Then there is Joe Biden, the least popular man on Twitter. If you read Twitter activists, Joe Biden should retire. His past gaffes, his age, Anita Hill, being a white dude, and the Crime Bill are just the leaders among his sins, and he is hopeless to survive them in this primary. There is a reality though- and we saw it in the December Quinnipiac Polling. Biden has a 53/33 approval to disapproval rating. His rating with Democrats on the whole was 84%. African-Americans gave him a strong 73/12 split. Young people loved him, and old people. Latinos approved of him by large margins. Biden was even popular with white guys and non-college educated whites. I’ll tell you though, he would lose most Twitter polls.

This is not to say that Democrats should rule out impeachment, ignore real concerns among their base, or nominate Biden in 2020. It’s to say that Democrats should not get caught only listening to the echo chamber of their base. The country does not like Donald Trump, as is evidenced by his 40.5% approval, and his paltry 46% of the 2016 vote. Like 2016 though, Trump could over-perform his approval and squeak out an electoral college win if the Democrats speak all towards their base, and not towards the voters that will decide the election, or even their own broader party. In 2018, the Democratic Party did a great job of messaging towards the majority of voters, on issues like increasing wages and protecting Medicare. The real question is whether the post-landslide victory of 2018 version of the Democratic Party can listen to the voices of the whole country, or those that get a lot of coverage on TV?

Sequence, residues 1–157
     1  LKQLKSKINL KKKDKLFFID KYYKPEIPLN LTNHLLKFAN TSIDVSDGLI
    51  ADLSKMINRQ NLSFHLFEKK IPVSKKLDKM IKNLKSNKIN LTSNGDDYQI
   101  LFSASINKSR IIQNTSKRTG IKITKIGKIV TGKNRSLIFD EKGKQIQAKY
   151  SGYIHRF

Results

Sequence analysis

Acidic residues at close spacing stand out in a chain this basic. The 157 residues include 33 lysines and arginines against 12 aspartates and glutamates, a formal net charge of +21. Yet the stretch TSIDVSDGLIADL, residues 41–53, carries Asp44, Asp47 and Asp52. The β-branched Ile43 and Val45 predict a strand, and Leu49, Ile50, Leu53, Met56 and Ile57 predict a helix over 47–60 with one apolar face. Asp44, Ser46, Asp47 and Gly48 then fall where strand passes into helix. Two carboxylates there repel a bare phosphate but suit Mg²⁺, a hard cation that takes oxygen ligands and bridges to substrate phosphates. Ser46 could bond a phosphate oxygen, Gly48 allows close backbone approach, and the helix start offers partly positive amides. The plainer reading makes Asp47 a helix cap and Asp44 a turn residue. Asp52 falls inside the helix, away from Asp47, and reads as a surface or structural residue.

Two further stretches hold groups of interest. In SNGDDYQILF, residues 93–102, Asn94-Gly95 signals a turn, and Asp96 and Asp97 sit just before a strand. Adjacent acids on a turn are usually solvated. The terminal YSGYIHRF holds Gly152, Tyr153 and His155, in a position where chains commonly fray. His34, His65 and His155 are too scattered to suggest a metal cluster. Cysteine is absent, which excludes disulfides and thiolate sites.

A Bold, New World View, Part 10- How Our Politics Have Shaped the Future

Read Part 1 here.

Read Part 2 here.